A more sophisticated voltage-divider arrangement, which accommodates different voltage ranges required in view of unequal frequency spacings between different ones of the channels, is described and claimed in the copending application of Melvin C. Hendrickson, Ser. No. 331,921, filed Feb. 12, 1973 (1,728), and assigned to the same assignee as the present application. Also featured is a means for achieving a fine-tuning voltlage adjustment without altering the voltage distribution within the divider itself. Such features of that application may be adapted to the embodiment of FIG. 6.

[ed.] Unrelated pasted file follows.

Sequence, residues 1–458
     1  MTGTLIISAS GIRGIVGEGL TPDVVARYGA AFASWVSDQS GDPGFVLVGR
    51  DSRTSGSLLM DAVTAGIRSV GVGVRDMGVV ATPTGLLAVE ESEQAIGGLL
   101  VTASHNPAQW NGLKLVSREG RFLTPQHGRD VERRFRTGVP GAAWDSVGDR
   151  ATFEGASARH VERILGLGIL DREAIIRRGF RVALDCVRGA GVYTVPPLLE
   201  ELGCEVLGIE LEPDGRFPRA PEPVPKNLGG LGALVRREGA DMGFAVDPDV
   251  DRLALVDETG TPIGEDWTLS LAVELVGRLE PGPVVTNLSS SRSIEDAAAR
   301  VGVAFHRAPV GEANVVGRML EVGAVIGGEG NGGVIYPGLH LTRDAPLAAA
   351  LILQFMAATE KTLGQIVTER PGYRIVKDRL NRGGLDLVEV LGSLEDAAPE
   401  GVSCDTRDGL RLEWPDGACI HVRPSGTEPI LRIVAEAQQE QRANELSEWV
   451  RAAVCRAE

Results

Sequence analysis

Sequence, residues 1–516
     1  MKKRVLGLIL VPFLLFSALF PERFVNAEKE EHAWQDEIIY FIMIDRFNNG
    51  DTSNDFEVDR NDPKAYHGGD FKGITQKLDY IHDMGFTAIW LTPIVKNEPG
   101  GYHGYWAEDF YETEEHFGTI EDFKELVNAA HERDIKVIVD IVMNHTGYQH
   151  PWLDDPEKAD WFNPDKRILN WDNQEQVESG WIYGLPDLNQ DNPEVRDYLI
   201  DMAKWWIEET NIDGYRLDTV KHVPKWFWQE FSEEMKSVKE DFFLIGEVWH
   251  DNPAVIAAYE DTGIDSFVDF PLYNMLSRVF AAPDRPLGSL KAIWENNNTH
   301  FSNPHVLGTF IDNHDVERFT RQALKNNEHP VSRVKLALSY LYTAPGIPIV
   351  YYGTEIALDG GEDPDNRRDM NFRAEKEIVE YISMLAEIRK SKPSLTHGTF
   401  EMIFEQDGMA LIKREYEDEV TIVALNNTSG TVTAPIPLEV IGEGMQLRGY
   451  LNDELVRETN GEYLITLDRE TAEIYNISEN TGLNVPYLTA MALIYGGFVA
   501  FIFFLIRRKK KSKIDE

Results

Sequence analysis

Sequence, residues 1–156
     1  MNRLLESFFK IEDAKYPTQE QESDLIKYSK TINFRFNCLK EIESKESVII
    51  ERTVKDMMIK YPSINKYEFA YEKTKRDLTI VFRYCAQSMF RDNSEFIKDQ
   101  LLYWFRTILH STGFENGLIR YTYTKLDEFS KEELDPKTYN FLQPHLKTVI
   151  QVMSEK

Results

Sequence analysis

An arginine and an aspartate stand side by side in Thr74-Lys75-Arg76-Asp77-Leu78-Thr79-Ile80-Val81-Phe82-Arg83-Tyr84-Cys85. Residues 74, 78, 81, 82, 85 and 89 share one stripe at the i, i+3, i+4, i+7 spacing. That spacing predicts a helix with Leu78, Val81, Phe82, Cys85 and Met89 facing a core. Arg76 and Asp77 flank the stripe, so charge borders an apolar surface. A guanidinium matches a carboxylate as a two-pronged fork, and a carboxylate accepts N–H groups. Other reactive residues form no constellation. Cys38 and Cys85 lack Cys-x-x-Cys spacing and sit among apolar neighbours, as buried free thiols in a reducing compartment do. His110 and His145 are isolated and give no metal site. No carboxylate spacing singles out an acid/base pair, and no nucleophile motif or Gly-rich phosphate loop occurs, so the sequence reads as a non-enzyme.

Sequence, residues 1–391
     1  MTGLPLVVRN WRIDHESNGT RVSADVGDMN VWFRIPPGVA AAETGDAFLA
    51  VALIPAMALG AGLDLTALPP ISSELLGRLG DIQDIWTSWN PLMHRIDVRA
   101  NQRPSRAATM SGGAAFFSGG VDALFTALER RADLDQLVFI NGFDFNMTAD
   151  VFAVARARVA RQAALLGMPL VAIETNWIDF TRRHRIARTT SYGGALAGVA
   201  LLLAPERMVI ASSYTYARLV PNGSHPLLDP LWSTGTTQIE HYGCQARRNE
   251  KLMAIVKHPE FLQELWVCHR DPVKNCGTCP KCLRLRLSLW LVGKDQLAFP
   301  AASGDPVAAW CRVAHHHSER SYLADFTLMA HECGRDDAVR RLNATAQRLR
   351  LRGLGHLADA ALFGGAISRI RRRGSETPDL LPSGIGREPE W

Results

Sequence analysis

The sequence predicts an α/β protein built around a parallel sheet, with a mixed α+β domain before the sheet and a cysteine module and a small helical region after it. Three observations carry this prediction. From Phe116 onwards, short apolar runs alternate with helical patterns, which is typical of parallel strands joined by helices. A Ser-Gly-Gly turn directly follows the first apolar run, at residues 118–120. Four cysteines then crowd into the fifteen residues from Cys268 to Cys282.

Selection from among the different other control parameters is achieved in an analogous matter. Thus, another movable contact 120 is carried by nut 105 in a location to wipe successively across a plurality of fixed contacts 121. Contacts 121 are individually connected to respective different junctions between a corresponding plurality of resistors 122 again connected in series to form a voltage divider which extends between B+ and ground. In this case, the potential derived by movable contact 120 at any given time is fed by a lead 125 to each of a plurality of voltage sensors 126--132 associated respectively with function controls 11-17. As will be apparent, each voltage sensor responds only to a corresponding level of voltage on the voltage divider selected by movable contact 120. Each of sensors 126-136 also is enabled to operate only in response to energization of function actuator 38. Thus, the only one of voltage sensors 126-132 which will operate at any given time is the one corresponding to the input voltage level selected by movable contact 120 from the voltage divider composed of resistors 122. Moreover, that particular voltage sensor is only armed by the appropriate voltage until such time as pushbutton 26 is depressed so as to energize actuator 38. When both armed and enabled to operate, the particular voltage sensor fires or operates the associated control function. Alternatively, any one or more of sensors 126-132 may be chosen so as to operate automatically upon application of the proper voltage but without enabling by actuator 38.